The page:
- 4:16 pm Tuesday, June 17th, 2014 by Jim Galloway
Last Friday, Jason Carter, the Democratic candidate for governor, addressed the Georgia School Board Association as it held its annual gathering in Savannah.
Someone over at PeachPundit.com has helpfully provided a 15-second clip from Carter’s 45-minute appearance – which the Georgia Republican party jumped on this afternoon:
In case you wondered what came before and after that unartful edit, we’ve got a meatier sound bite here:
And a transcript of the same below, with the video-clipped portion marked in bold:
Carter: “Let me start, number one, on the tax issue. First of all, it is a false choice to say that we’ve done [More]
- 10:02 am Tuesday, June 3rd, 2014 by Daniel Malloy, Greg Bluestein and Jim Galloway
The U.S. Environmental Protection Agency’s new proposal to slash carbon emissions was big news across the country on Monday. As Matt Kempner Georgia’s Democrats were mostly silent. Not one of the state’s five U.S. House Democrats wanted to weigh in when contacted Monday.
Senate hopeful Michelle Nunn, then, had to carry the banner with a very careful statement that included a big hug for Georgia Power. Nunn neither blasted the EPA as her Kentucky counterpart Alison Lundergan Grimes did, nor give it the Harry Reid seal of approval. Here is Nunn’s statement in full:
“I am reviewing the new guidelines [More]
- 6:00 pm Wednesday, April 16th, 2014 by Jim Galloway
Eight years have passed since an African-American won a statewide, partisan election in Georgia. And truth be told, the real drought has lasted much longer.
The first and only time a black candidate has won statewide office in Georgia without first being appointed to it — and thus having the advantage of incumbency – was in 1998, when Democrat Michael Thurmond claimed the open seat for state labor commissioner.
It is one of the crueler streaks of Georgia politics, but may be about to end. The winds of change are blowing on both the Republican and Democratic side of this year’s race [More]
- 9:00 am Friday, February 14th, 2014 by Jim Galloway
He’s following the same path as this week’s ice storm.
Two weeks after And then this:
Here’s the local spilling of outrage from the New York Daily News:
Ten inches of snow. School buses colliding with cars. Half empty schools.
“It’s absolutely a beautiful day out there,” beamed New York Schools Chancellor Carmen Fariña.
The clueless chancellor added insult to inclement weather with that head-scratching remark at a news conference Thursday. She and Mayor de Blasio were defending the decision to keep schools open as a snowstorm bombarded the five boroughs.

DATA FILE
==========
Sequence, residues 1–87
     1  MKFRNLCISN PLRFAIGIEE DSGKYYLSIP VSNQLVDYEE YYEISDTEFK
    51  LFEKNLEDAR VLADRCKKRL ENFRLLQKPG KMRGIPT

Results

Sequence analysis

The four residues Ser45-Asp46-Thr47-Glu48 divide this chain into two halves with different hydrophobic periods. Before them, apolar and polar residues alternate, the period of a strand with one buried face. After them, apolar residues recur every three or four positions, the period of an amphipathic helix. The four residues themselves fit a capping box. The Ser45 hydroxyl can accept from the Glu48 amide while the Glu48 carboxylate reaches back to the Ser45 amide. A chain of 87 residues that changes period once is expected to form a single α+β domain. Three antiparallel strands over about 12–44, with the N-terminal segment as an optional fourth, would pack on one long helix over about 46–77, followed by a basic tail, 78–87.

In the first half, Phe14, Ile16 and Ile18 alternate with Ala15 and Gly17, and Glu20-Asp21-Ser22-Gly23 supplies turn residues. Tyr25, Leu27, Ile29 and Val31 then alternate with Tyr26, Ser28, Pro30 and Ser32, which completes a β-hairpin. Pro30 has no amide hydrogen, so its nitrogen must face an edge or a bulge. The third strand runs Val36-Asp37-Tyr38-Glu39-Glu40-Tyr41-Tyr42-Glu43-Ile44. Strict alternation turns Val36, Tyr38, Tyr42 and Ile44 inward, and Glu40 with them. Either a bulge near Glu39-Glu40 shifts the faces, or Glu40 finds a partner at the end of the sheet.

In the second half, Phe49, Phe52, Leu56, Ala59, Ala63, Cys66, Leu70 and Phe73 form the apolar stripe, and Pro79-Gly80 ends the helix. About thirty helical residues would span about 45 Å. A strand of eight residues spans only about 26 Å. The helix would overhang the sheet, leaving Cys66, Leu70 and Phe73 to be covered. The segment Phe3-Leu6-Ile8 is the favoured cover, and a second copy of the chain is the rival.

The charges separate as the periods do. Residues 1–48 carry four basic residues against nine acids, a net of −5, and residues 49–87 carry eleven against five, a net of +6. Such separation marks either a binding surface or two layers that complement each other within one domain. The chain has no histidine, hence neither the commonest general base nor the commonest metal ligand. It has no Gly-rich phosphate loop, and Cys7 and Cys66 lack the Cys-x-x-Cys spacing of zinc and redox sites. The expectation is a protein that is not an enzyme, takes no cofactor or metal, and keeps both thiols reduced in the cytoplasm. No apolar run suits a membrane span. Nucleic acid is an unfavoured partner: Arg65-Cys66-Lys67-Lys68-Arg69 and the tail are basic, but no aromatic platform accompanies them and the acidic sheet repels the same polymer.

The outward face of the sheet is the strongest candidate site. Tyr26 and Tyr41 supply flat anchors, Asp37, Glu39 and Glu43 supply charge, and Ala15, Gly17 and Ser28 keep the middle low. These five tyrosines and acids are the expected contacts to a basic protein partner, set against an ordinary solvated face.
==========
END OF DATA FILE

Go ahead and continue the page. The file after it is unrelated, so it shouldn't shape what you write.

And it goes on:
They tried to fend off criticism that came from everyone from elected officials to [More]
- 10:54 am Wednesday, January 29th, 2014 by Jim Galloway, Greg Bluestein and Daniel Malloy
Atlanta’s worst snowjam in decades – the most comparable one is the mid-afternoon blizzard of 1982 — presents Gov. Nathan Deal with the worst weather disaster of his administration.
The irony here is about as thick as the 2.6 inches of snow on the ground. Deal took office in the middle of the January 2011 ice storm, but was absolved from blame because the paralysis came just as Sonny Perdue was handing off the baton.
This time, there’s no doubt who is in charge.
The governor has scheduled an 11:30 press briefing at the statehouse, and has invited Atlanta Mayor Kasim Reed.
Deal is [More]
- 8:48 am Wednesday, January 29th, 2014 by Jim Galloway
Above is a YouTube clip of Al Roker of NBC’s “Today,” calling out Gov. Nathan Deal and Atlanta Mayor Kasim Reed this morning on what Roker termed a reluctant response to Tuesday’s paralysing snow.
Roker’s not alone. Marshall Shepherd, a University of Georgia professor and president of the American Meteorological Society, just published a blog post that puts on notice those public officials who have described themselves as surprised by Tuesday’s snow:
As I watch the fallout from the Snow Fiasco in the Atlanta area, one thing is clear to me: “The buses had a tough time getting kids home, but [More]
- 12:57 pm Thursday, January 16th, 2014 by Greg Bluestein
- 11:38 am Thursday, January 16th, 2014 by Jim Galloway, Greg Bluestein and Daniel Malloy
The $20.8 billion budget that Gov. Nathan Deal outlined yesterday isn’t quite complete. And the hole that needs to be filled could involve Georgia’s largest hospital.
Chris Riley, Deal’s chief of staff, told us his boss is in talks with Grady Memorial Hospital’s chief executive about filling a possible hole in the hospital’s budget.
It involves a winding down of Disproportionate Share Hospital payments under Obamacare.
Grady received roughly $90 million in DSH funding each year but that amount could be halved in four years due to changes from the healthcare overhaul. And without a Medicaid expansion, which isn’t happening any time soon,[More]
- 8:48 am Wednesday, January 15th, 2014 by Jim Galloway, Greg Bluestein and Daniel Malloy
Gov. Nathan Deal will announce this morning that he’s ready to boost education spending by $547 million next year – the largest jump in school funding since the beginning of the Great Recession.
Brian Robinson, a spokesman for Deal, confirmed the governor’s intentions at this morning’s Eggs and Issues breakfast, a precursor to Deal’s state-of-the-state speech later in the day.
The emphasis on education spending comes as his three election-year rivals — state School Superintendent John Barge and Dalton Mayor David Pennington, both Republicans, and Democratic state Sen. Jason Carter — hammer the GOP incumbent over past education cuts.
Deal’s proposed school spending [More]